INTERDEPENDENCE: A Short Film about the Swedish Response to the COVID-19 Pandemic
Over the past couple of months countries and cities have had to rapidly devise responses to the COVID-19 pandemic. While more or less strict lockdown measures were implemented in most countries, Sweden opted for a different model, leaving the responsibility for shut-downs and social distancing almost entirely to its citizens — whether in schools, cafés, or public life in general. Stockholm-based architecture and design curator James Taylor-Foster, along with filmmakers Frans Wiklund and Ludwig Mattsson, created the video essay Interdependence. The film documents the streets of Stockholm over the past few weeks, along with text reflecting on the special Swedish context and response. The film ends on a paraphrased citation borrowed from Ingmar Bergman’s classic plague-themed film The Seventh Seal (1957).
What motivated you to create Interdependence?
Towards the end of April, I had a conversation with designers and filmmakers Frans Wiklund and Ludwig Mattsson of Studio Reko. I’d been ruminating on the bizarre dissonance of being in Stockholm at this precise moment: that life is continuing without much of a change, while the rest of the world has and is experiencing varying degrees of lockdown. Throughout March and April, friends from all over started to send me an ever expanding folio of articles and videos debating Sweden’s response to COVID-19 — a combination of confusion, curiosity, praise, and anger. In Stockholm, we three hadn’t seen any considered reflection from the “inside,” so we began to film in the city and think about what that might look like. The result is a short film that serves as one lens, one context, to reflect upon a unique moment. I’m sure that some of the scenes in this film will be surprising to some, the lack of protective measures taken by people in public (myself included), the apparent disregard for the severity of this pandemic. I believe that there’s an interesting societal explanation (not defense) for these scenes, and that’s what Interdependence is trying to offer in its own modest way.
What has been your experience living through the “Swedish model” of lockdown?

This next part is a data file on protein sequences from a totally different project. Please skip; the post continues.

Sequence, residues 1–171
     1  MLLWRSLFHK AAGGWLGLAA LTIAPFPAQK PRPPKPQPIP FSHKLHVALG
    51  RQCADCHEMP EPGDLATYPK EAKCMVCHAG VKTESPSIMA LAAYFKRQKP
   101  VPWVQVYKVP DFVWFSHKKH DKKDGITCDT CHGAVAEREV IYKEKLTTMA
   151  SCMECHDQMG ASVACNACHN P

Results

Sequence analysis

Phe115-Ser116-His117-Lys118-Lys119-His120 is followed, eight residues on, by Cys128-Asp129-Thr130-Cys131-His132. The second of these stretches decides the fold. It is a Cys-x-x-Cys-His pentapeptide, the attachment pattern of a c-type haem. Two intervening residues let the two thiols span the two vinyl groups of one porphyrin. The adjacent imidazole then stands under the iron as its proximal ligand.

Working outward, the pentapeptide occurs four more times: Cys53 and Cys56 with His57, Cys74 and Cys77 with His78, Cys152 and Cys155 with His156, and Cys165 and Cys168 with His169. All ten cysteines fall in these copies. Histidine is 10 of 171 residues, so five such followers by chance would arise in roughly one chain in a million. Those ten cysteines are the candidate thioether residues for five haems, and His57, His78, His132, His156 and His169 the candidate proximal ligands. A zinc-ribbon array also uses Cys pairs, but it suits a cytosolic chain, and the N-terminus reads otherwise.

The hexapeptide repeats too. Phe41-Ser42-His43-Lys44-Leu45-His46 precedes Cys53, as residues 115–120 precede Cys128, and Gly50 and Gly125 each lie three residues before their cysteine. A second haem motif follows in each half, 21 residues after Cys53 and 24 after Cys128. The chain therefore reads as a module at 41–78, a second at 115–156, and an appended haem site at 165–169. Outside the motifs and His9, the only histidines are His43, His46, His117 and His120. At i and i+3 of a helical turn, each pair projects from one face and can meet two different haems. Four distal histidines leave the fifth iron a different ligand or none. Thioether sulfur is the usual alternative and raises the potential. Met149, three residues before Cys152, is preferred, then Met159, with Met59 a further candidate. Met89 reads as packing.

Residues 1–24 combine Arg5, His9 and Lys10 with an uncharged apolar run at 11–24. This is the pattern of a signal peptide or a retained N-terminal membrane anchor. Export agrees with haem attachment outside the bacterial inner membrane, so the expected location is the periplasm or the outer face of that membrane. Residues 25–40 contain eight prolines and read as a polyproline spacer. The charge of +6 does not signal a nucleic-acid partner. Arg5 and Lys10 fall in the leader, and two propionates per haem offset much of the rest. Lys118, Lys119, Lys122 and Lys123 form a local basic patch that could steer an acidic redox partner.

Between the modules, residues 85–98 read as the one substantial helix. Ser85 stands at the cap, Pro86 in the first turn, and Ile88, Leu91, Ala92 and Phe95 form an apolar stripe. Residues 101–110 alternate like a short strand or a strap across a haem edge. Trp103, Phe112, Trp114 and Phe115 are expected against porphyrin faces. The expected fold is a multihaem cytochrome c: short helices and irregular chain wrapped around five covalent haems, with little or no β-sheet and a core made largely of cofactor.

The core experience is simple: Life has not changed drastically for me. Sure, people are anxious, and that in turn has an effect on my wellbeing. The idea of “being in it together” has plumbed new depths. Some close friends in Stockholm are in self-imposed isolation. But I take public transport daily. I work from home occasionally, but not most of the time. I am very much in the city, with very many other people, keeping a little bit more of a distance, but going to restaurants, shopping, visiting people. Up to this point, I have no lived experience of what a lockdown looks or feels like. Alongside being an ethnically and economically segregated city, one thing that should be acknowledged is that Stockholm is relatively dispersed at an urban level. This lack of density makes public transport particularly important, especially in connecting the suburbs with the inner city. Parks and green pockets can be found practically everywhere, and most neighborhoods connect to small forests. It’s a capital city that, in many ways, is designed to accommodate separation by degrees. Context is at once everything and nothing.
Sweden has seen some of the highest per capita death rates from COVID-19 in the world. What can be learned from the results of this experiment of “herd immunity” both in Sweden and globally?
Some days I will hear Anders Tegnell, the state epidemiologist and the person labelled by many as the “architect” of Sweden’s response, and agree with his explanations and recommendations. Other days I will take issue with them. On the whole, there is a consensus here for most of the incremental decisions that have been made since March: to not lockdown, to limit public gatherings to no more than 50 people (although this particular rule has exceptions), to not travel within the country and internationally unless absolutely necessary. But there have also been explanations that feel inadequate. Sweden has taken an exceptional approach, in line with its own understanding as a place of exception, and that’s that. The per capita death rate here is a tragedy, whatever the long-term implications of taking this direction might be.